CGM: Scalia noted that the psychological and academic evidence linking violent video games to increased aggression wasn’t particularly compelling. Would the Court consider a different verdict if future studies show something more definitive?
PM: That’s the one area where I think this opinion leaves some room for the government in the future, but it has a lot of work. The test that’s applied by the Court is something they call strict scrutiny. It’s the most difficult test in all of constitutional law. Strict scrutiny has two parts. First, the government has to show that its law addresses a compelling interest. Secondly, it has to show that the law is narrowly tailored to that compelling interest.
The evidence that you’re talking about went to the first part, that the government had a compelling interest, and Scalia describes that as a serious real world problem that actually exists. California said we do have one. It’s that exposure to violent video games causes minors to act aggressively. Scalia looked at all the studies, and he said, you know what? You have no proof. At most, you have some small indications that kids are louder and that there’s a loose correlation with that type of behavior. If the government has new studies in the future that conclusively prove that connection, that could change the outcome, but Scalia says he’s seen nothing that shows that type of indisputable proof.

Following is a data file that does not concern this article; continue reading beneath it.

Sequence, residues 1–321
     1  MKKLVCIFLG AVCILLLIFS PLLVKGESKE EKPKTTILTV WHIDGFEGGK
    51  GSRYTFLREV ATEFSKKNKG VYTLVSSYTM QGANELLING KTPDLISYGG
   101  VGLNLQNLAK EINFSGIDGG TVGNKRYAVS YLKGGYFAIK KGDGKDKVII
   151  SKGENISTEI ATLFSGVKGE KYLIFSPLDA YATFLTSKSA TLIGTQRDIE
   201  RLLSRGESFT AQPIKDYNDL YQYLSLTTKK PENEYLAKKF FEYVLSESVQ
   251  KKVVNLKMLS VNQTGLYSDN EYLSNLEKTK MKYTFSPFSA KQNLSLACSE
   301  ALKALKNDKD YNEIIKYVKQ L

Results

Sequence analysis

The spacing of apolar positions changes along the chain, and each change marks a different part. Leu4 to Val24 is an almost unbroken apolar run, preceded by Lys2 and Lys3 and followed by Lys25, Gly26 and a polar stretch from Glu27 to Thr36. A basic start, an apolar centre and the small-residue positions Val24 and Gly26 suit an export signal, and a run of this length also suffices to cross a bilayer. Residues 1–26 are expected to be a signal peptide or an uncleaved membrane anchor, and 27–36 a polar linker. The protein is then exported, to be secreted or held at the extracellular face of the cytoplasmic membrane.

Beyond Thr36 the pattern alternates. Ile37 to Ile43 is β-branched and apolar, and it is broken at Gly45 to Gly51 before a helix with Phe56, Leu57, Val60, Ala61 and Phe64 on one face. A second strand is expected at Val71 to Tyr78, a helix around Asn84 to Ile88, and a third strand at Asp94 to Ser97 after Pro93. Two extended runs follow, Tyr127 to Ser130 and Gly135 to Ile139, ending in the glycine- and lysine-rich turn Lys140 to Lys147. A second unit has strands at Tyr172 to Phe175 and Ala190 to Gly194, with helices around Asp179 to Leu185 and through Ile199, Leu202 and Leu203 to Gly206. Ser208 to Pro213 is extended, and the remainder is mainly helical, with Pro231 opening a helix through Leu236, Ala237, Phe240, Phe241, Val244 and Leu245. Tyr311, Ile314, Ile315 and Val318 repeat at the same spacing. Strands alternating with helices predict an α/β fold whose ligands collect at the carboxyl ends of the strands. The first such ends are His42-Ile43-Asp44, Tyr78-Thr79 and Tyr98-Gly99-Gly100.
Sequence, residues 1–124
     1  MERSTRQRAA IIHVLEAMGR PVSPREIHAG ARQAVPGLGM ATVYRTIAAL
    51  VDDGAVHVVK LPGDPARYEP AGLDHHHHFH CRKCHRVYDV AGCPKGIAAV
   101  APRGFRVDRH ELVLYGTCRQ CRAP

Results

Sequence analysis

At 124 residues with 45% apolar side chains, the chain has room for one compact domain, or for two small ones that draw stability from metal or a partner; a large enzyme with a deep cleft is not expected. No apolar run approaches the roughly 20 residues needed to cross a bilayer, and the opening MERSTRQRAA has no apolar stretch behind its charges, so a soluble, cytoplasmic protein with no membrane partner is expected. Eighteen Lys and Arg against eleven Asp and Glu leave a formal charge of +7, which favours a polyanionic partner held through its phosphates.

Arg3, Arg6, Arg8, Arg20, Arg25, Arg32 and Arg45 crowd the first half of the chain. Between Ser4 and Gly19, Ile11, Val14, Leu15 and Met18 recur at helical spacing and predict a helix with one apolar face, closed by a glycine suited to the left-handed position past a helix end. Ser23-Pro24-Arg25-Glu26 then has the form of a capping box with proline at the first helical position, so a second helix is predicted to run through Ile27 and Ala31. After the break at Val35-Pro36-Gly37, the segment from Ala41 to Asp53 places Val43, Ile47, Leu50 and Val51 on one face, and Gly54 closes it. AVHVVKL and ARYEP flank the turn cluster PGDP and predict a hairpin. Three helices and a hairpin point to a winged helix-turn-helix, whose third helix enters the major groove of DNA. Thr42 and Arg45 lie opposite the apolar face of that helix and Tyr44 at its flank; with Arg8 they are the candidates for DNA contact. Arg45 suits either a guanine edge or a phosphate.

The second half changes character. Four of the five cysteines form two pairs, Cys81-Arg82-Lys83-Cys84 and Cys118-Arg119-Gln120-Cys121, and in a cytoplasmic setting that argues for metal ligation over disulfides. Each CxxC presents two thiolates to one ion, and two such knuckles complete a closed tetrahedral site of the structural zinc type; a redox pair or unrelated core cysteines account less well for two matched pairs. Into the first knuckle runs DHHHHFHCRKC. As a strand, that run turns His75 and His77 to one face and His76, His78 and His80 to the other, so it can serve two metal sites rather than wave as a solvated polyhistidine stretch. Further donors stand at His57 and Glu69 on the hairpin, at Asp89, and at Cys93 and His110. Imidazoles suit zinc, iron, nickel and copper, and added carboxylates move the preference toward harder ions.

CGM: If someone did come up with conclusive evidence for video games, would it send other entertainment products – like, say, Saturday morning cartoons – down the proverbial slippery slope and alter how the rest of the media gets regulated?
PM: Scalia noted that the same thing happens after playing Sonic the Hedgehog or watching Bugs Bunny, and that’s why this is not the type of thing government can be regulating under strict scrutiny. He’s saying that you’d have to have conclusive evidence that a particular type of content actually causes serious violence or aggressive acts on the part of the viewers later on, and a simple, passing, minor increase in aggressive is not going to get it done.
To have the wide sweeping regulation you’re talking about, you’d have to have that kind of conclusive proof for each type of medium you’re trying to regulate. Scalia’s saying we’re a long way from any evidence of that. I think he’s skeptical that the government could ever show that.
CGM: Will that have an impact on future constitutional challenges?
PM: It’s really clarified this area of law, and I think by implication a number of other areas of First Amendment rights. The Court’s not going to start creating different types of treatment for different types of speech, which is welcome for those who strongly support the First Amendment.
CGM: There was obviously support for the original law that passed in California, and many people would still like to see some sort of video game regulation. What will those people do now that this case has been decided?
PM: You know, it’s really hard to say. Without additional proof – that seems to be what they’re going to do, is go back and try to muster additional proof – I don’t see any opening that the Court’s given them for them to re-draft this law.